Enterprise design mantras

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What mantras do you find underpin your AE practices? Are there particular principles or guidelines that you remind yourself about or that you share with others in your team and amongst your stakeholder community?

Here are some of the mantras that I find myself repeating …

  • Keep the end in mind
  • Business process not system process
  • Continuum between autonomy and control
  • What is the system-of-interest?
  • What constitutes success?

Keep the end in mind

Many of us are trained to determine our objective and then explore the strategies for achieving the objective – determining the ends and exploring the means. So what is important about this mantra? Isn’t it a natural part of our daily practices?

Many years (actually decades) ago, I read “I’m right, you’re wrong” by Edward de Bono. I gained a number of insights from that book, but the most frequently referenced insight was:

creative ideas are logical in hindsight

This insight is important to solving problems and to learning. Once solved or learned, the problem seems simple. This can also mean that a solution can be more easily understood by working backwards rather than forwards.

This simplicity is often overlooked when we present the problem and solution to stakeholders. It all seems logical to us but can seem puzzling and difficult to our audience. This applies in many different scenarios, including many of the business improvement or business transformation undertakings I have encountered.

It was recently brought to mind and reinforced by a colleague sharing that they read books backwards – last chapter first. Another practice is that of describing what I aim for meeting participants to have gained at the end of the meeting – shared understanding, agreed actions, etc. This often helps construct are more effective sequencing of the agenda.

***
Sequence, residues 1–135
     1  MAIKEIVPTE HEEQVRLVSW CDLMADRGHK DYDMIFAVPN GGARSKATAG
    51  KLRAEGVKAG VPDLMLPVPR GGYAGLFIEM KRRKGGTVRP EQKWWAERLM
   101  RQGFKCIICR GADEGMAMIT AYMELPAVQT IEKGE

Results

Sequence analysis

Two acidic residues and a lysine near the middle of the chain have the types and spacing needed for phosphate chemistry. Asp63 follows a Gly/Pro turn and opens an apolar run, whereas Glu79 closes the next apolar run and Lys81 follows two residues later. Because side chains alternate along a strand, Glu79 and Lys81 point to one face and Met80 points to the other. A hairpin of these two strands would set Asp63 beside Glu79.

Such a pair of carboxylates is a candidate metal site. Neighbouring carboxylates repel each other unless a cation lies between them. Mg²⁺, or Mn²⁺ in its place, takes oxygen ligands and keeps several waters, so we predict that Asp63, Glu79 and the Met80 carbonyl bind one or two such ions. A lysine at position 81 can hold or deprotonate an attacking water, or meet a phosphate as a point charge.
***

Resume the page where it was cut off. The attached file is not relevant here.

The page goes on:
clarity in relation to goals, deliverables, and outcomes

has proven to be a valuable practice – keeping the output and outcome in mind as we design and plan our way forward.

Business process not system process

I have lost count of the times that I have encountered IT projects where the focus is on the IT system and not on the business objectives which the IT system should be designed to support.

Indicators of an inappropriate focus include:

  • A project scope expressed in system function terms rather than business terms
  • A “process” diagram which is focused on the interactions with the system and the “system processes” without attending to the “business processes and practices”
  • A project with system deliverables and few or no business deliverables
  • A project which regards business change as “out of scope”

Practices which have proven to prompt greater clarity and quality include distinguishing between:

  • business objectives, system objectives and project objectives
  • business scope, system scope and project scope
  • business processes and system processes

The first two areas typically apply in the initiation stages of a project, where as the third arises at various stages in the project, and hence is the distinction that is more frequently made (and needed).